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Will Cain Says Last 6 Months Influenced Decision To Leave ESPN

“As two hosts who have been at times criticized by their audience for not sticking to sports, Cowherd and Cain offered their beliefs on how to navigate the inclusion of political and social issues.”

Brandon Contes

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A news commentator, turned sports host, and back to news as the political conversation continues to become more prevalent, Will Cain has had an interesting media career. Cain joined FOX Sports Radio’s Colin Cowherd over the weekend to discuss a variety of topics including why he recently left ESPN for FOX News. 

Cain told Cowherd sports has always been a core part of his life and when he joined ESPN in 2015, he didn’t want to be part of the political conversation anymore. 

“It didn’t feel productive, it didn’t feel important, it didn’t feel like I had a place in that conversation,” Cain explained on The Herd-Saturday Special podcast. But five years later, at a time where there is so much heightened political division in the country, Cain now believes he has something important to contribute to the conversation. 

Cain said he was very happy at ESPN, hosting his daily show on their national radio network, while also regularly contributing to First Take. As ESPN’s primary conservative voice, Cain’s opinions were of the minority on the more leftist network, but he doesn’t believe his voice is the minority across the country.

“The direction of the country over the last six months…it really impacted my decision on what I want to be talking about every day,” Cain told Cowherd. And that decision was ultimately to leave ESPN and join FOX & Friends Weekend.

‘Stick to sports’ is a frequently debated theme in sports radio, but in recent months it’s becoming more difficult to separate sports from political or social issues. As two hosts who have been at times criticized by their audience for not sticking to sports, Cowherd and Cain offered their beliefs on how to navigate the inclusion of political and social issues. 

When organizing his show, Cowherd said he considers sports the freeway, but he occasionally takes the exit ramp to discuss political issues. If he exits, his goal is to always get back on the freeway as soon as possible. Cain acknowledged an understanding that his audience was tuning in for sports first, but when he did veer, he wasn’t going to aggressively return to the “freeway” as Cowherd described it.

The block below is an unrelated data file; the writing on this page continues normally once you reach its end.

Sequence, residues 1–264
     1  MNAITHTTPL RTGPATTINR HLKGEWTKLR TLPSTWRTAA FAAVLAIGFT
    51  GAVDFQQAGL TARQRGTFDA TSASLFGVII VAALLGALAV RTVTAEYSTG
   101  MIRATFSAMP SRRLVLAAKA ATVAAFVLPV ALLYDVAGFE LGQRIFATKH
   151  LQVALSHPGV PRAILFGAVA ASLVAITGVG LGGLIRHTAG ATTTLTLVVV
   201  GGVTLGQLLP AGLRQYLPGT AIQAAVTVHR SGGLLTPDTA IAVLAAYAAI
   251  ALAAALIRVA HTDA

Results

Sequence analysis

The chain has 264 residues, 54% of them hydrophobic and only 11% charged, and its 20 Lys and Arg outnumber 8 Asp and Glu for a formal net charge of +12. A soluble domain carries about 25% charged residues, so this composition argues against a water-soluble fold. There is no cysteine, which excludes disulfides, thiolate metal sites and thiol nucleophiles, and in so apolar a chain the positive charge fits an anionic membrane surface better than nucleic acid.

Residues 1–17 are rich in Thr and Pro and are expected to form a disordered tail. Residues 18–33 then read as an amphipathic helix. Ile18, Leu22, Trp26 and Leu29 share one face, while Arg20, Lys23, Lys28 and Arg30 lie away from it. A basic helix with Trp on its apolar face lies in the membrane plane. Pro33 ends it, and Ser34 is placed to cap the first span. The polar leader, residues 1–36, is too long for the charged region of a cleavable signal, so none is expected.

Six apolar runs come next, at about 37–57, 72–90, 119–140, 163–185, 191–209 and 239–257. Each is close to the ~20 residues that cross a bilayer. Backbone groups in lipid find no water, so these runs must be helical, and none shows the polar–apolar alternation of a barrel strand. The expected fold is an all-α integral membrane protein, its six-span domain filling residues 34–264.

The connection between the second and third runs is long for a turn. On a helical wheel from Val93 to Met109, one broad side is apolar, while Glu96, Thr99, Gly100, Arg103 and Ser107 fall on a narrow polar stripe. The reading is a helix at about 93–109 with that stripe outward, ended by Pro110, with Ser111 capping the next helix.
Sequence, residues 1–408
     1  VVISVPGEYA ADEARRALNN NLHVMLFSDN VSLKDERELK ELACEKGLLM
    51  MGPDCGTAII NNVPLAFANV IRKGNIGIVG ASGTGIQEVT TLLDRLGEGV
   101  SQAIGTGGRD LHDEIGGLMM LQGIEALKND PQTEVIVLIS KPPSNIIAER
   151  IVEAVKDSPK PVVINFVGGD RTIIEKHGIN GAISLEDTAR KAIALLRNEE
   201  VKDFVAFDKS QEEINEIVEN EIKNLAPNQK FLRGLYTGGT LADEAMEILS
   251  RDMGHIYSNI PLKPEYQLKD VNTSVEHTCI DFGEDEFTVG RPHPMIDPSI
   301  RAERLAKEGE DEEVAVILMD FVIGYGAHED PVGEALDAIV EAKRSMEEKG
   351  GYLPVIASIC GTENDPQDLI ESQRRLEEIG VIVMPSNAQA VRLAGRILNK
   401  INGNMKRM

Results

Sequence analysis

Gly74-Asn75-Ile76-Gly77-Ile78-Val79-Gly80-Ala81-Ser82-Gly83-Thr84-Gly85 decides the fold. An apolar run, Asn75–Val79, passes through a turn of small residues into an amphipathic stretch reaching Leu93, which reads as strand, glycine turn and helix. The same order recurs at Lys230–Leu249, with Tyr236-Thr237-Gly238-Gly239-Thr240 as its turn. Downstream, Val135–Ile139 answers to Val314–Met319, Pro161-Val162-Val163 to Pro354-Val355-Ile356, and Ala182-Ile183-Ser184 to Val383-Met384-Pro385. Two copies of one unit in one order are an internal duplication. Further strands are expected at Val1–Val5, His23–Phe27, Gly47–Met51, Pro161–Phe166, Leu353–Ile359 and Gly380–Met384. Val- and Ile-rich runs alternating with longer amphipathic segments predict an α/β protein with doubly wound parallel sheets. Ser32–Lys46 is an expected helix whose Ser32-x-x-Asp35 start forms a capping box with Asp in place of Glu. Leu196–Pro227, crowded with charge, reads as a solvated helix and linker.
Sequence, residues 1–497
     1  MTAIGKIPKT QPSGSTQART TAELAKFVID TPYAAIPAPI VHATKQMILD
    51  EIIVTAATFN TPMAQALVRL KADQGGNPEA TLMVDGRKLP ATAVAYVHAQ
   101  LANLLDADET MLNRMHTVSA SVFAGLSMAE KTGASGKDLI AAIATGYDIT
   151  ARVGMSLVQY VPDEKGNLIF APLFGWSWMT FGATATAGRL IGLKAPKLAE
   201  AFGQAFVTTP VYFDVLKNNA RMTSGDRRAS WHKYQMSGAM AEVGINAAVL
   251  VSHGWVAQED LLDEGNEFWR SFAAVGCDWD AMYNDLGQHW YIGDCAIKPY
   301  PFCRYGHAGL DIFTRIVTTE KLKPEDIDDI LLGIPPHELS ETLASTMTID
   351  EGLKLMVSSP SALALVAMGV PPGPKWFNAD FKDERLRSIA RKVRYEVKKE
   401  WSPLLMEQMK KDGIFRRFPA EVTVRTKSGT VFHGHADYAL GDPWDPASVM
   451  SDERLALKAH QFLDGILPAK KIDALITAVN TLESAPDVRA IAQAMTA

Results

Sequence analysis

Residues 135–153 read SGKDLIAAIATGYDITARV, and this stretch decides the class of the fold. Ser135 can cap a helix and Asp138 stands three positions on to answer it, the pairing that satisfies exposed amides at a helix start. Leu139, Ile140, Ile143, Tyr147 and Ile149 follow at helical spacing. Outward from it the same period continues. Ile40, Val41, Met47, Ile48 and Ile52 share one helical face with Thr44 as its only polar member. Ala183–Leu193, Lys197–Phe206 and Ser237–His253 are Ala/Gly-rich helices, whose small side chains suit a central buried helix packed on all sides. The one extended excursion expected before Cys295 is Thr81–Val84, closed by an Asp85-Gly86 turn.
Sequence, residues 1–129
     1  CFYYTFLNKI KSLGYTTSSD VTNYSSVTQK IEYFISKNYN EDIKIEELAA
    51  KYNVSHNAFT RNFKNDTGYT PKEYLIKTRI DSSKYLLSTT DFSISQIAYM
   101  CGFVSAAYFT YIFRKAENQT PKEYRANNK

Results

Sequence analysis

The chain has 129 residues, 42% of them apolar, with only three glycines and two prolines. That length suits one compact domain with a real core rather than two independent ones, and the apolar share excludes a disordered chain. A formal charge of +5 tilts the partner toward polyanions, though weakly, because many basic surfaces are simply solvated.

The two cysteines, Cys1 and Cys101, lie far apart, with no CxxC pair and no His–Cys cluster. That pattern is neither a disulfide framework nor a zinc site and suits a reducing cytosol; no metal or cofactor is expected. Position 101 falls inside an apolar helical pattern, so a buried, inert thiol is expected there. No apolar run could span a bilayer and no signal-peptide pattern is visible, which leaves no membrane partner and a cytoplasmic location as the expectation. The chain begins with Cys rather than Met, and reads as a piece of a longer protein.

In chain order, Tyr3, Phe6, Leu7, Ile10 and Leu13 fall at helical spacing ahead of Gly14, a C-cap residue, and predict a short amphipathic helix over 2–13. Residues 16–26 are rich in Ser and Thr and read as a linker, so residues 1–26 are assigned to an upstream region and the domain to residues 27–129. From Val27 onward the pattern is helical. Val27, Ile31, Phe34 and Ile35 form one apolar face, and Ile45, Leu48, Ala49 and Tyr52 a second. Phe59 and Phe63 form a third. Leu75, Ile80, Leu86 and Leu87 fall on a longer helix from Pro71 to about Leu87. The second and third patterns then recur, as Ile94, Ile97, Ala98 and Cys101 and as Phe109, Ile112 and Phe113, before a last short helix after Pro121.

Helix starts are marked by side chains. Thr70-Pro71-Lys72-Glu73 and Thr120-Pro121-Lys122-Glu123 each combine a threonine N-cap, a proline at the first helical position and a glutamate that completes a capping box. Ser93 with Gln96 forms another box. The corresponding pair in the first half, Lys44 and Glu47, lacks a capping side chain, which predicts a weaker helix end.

“Let me be honest with you about my biases, my beliefs,” Cain said of his approach to discussing political or social issues on sports radio. “I don’t want to hide them from you and in response I want to hear yours…the biggest mistake we can make is to box people out – tell them ‘you’re wrong, you’re racist, you don’t belong in the conversation.’ That’s not what I wanted to do, I want to be honest about who I was and invite everybody else to tell me how I was wrong.” 

The two media stars also had an interesting take on social media, which they agree is not real life, but it still has an outside influence on real life. Cain noted the majority of TV and radio shows organize their programming based on what’s trending on Twitter.

“Twitter has this outside influence on institutional media, and then it clearly can influence the radical fringes,” Cain said. “Now what we see is those radical fringes are influencing real life, by taking to the street and creating chaos.”

Cowherd added that a lot of the protesting in the streets was caused by the abnormally high unemployment rates, stemming from the global pandemic. But Cowherd painted a cheerier picture for our country’s outlook after calling it the strangest year of his life.

“I’m proud of my neighbors,” Cowherd said. “I think we’ve overcome a lot this year and I think brighter days ahead.” 

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Bomani Jones: I’m Better At Talking About Political, Social Issues Than Most In Sports Media

“I personally am better at talking about those things than most people who work in this industry. Like I feel like I can say that fairly and then it not really be an arrogant thing.”

Jordan Bondurant

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Los Angeles Lakers star LeBron James found himself in a few headlines last week when he questioned reporters for not asking him about the recent Washington Post story and photo surrounding Dallas Cowboys owner Jerry Jones, and ESPN commentator Bomani Jones took the opportunity to discuss the revelation.

Jones was pictured as a 14 year old among a crowd during an early stage of integration of public schools in Arkansas during the civil rights movement.